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I have created a very simple user control, an ImageButton

<UserControl x:Class="SampleApp.Controls.ImageButton"
             Name="ImageButtonControl"
             xmlns="http://schemas.microsoft.com/winfx/2006/xaml/presentation"
             xmlns:x="http://schemas.microsoft.com/winfx/2006/xaml"
             xmlns:d="http://schemas.microsoft.com/expression/blend/2008"
             xmlns:mc="http://schemas.openxmlformats.org/markup-compatibility/2006"
             d:DesignHeight="300"
             d:DesignWidth="300"
             mc:Ignorable="d">
    <Button>
        <Grid>
            <Grid.RowDefinitions>
                <RowDefinition Height="1*" />
                <RowDefinition Height="6*" />
                <RowDefinition Height="2*" />
                <RowDefinition Height="1*" />
            </Grid.RowDefinitions>
            <Image Grid.Row="1" Source="{Binding ElementName=ImageButtonControl, Path=Image}" VerticalAlignment="Stretch" HorizontalAlignment="Center" />
            <TextBlock Grid.Row="2" Text="{Binding ElementName=ImageButtonControl, Path=Text}" VerticalAlignment="Stretch" HorizontalAlignment="Center" />
        </Grid>
    </Button>
</UserControl>

With code behind:

using System.Windows;
using System.Windows.Controls;
using System.Windows.Media;

namespace SampleApp.Controls
{
    /// <summary>
    /// Interaction logic for ImageButton.xaml
    /// </summary>
    public partial class ImageButton : UserControl
    {
        public ImageButton()
        {
            InitializeComponent();
        }

        public string Text
        {
            get { return (string)GetValue(TextProperty); }
            set { SetValue(TextProperty, value); }
        }

        public static readonly DependencyProperty TextProperty =
          DependencyProperty.Register("Text", typeof(string), typeof(ImageButton), new UIPropertyMetadata(""));

        public ImageSource Image
        {
            get { return (ImageSource)GetValue(ImageProperty); }
            set { SetValue(ImageProperty, value); }
        }

        public static readonly DependencyProperty ImageProperty =
           DependencyProperty.Register("Image", typeof(ImageSource), typeof(ImageButton), new UIPropertyMetadata(null)); 
    }
}

Now I want to use that in my little sample application like

xmlns:controls="clr-namespace:SampleApp.Controls"

<controls:ImageButton Grid.Row="1"
                              Grid.Column="1"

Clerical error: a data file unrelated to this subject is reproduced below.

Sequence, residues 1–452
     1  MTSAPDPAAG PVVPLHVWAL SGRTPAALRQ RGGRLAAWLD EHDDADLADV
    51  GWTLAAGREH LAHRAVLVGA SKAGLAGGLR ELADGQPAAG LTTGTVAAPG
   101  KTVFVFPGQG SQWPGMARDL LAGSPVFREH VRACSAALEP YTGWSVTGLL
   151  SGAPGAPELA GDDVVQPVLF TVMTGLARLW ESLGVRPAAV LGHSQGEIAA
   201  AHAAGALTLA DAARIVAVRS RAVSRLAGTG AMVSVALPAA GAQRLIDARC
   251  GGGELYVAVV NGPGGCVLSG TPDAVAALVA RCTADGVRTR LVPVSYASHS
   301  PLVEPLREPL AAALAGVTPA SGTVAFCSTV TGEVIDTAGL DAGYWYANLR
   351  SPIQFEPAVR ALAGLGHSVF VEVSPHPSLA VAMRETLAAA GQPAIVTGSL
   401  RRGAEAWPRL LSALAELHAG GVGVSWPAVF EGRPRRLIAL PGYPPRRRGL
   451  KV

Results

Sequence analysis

Margin="2"
                              Image="/Images/link.png"
                              Text="DoSomething">
            <i:Interaction.Triggers>
                <i:EventTrigger EventName="Click">
                    <cal:ActionMessage MethodName="DoSomething" />
                </i:EventTrigger>
            </i:Interaction.Triggers>
        </controls:ImageButton>

If I give it a x:Name, like

<controls:ImageButton x:Name="DoSomething" 

e.g. DoSomething the method DoSomething with that name is directly called when the view is shown, i.e. when I active the viewmodel that contains that button, just like I click the Button (if it was a normal button and not a usercontrol, it would work that way), but the button-click handler is never called on clicking.

Now I tried to add an ActionMessage as seen above, but it does not work either...

What is wrong here?

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1 Answer 1

up vote 2 down vote accepted

That's because there is no convention configured for your user control type. You could either add a convention via the ConventionManager (see http://caliburnmicro.codeplex.com/wikipage?title=All%20About%20Conventions), or you could derive your type from Button instead.

You could also not use a custom user control and instead just add the image to the Content property of the Button in your view.

share|improve this answer
    
Yes good idea, I tend to use an attached property to set an image for buttons; this way you don't need to have a derived control to make a templated button, you can just apply a default style to all buttons. The style can contain a template that has a binding to that attached property so the button itself need not know about it - it's quite effective (though if I recall, there are some issues in the designer in VS2010 with binding to attached properties - works fine at runtime though) –  Charleh Apr 5 '13 at 23:35
    
Yes the approach works well, you can also make the attached property generic enough so that it supports other properties that could be templated (e.g. text, border, background etc) so that one attached property can be reused across all button template styles –  devdigital Apr 6 '13 at 6:38
    
Thank you very much, making it a button instead of a usercontrol works well. How can I make generic attached properties? I do not want to add the image to every button because I want more concise XAML. –  Mare Infinitus Apr 6 '13 at 8:05
    
@devdigital: Can you tell me please how I can configure a convention for my usercontrol? I found this: AddElementConvention<ButtonBase>(ButtonBase.ContentProperty, "DataContext", "Click"); and think this causes the behavior that I described. What should that convention I have to make do? I do not want a ViewModel for my button, it should only make my XAML more concise. –  Mare Infinitus Apr 6 '13 at 18:09
    
The link above describes how the convention manager works, but in this use case a custom user control isn't the best solution because it doesn't offer the flexibility of an attached property. –  devdigital Apr 6 '13 at 18:12

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